A scanning electron micrograph showing the various stages of
transformation of Dictyostelium. Each body represents a different
stage in the process. Hundreds of thousands of single cells
aggregate to form a migrating “slug” (lower left). Once the slug
comes to a stop, it gradually elongates to form the fruiting body.
[Courtesy of M. J. Grimsom & R. L. Blanton, Texas Tech Univer-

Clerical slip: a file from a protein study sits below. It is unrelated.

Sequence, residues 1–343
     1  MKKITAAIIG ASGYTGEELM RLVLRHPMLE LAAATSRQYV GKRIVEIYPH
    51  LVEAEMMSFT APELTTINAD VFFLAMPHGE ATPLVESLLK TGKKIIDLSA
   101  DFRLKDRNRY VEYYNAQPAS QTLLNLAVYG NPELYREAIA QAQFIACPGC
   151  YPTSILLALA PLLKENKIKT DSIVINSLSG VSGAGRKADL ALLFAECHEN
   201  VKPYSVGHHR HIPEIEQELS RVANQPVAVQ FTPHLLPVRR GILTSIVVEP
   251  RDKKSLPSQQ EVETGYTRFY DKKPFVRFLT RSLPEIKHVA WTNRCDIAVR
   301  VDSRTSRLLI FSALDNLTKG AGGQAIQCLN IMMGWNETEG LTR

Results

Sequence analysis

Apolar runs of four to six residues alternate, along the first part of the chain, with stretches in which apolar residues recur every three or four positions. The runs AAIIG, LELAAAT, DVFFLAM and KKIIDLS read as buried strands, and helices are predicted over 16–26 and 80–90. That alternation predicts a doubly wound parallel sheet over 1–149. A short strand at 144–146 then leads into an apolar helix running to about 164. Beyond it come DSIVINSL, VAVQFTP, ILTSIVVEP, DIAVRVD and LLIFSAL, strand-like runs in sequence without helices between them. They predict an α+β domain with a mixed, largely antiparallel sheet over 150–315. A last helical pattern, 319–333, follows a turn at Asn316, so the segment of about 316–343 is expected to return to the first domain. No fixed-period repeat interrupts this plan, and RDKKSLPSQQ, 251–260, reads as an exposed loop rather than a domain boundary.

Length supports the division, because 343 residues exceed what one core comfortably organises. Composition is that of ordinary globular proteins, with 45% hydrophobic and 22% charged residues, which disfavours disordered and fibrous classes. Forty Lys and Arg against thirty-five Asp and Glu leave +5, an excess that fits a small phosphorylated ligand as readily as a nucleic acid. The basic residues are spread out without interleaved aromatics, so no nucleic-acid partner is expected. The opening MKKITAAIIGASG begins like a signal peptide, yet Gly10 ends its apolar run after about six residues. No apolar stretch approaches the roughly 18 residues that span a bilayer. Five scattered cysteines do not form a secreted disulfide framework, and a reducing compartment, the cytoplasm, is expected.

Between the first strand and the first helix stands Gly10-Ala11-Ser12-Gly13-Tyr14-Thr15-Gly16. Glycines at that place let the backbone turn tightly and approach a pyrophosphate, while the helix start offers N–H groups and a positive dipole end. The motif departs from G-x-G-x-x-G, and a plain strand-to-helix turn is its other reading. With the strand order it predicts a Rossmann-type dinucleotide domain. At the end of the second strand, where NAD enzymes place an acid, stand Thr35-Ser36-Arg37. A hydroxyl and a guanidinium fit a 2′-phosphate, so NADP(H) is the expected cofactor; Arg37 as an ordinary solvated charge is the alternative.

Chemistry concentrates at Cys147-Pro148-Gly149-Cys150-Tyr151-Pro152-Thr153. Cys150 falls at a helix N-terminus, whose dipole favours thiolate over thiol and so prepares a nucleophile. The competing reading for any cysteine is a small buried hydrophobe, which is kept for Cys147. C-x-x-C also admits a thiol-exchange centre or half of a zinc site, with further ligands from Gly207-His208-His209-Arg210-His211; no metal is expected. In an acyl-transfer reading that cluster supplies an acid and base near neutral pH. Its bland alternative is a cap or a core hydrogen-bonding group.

The practice of agriculture is not limited to humans: ants, termites, and snails all grow fungi, and who knows who else do something similar. But not many have claimed that such activities are to be found among simpler organisms. Now we have a report that slime molds have also gone down the road to agriculture. Dictyostelium discoideum, the best studied of the cellular slime molds, is a social amoeba that thrives by grazing on bacteria. Given ample bacterial food, these organisms grow as single cells. When food becomes scarce, they aggregate into pretty, differentiated fruiting bodies (called sorus, plural sori) consisting of a round mass of spores held up by a stalk. The spores eventually become dispersed, to repeat the cycle at a new site. The entire epic can be viewed in a dramatic documentary available here. (This movie is narrated in German, giving you the opportunity to hone your skills in that language.)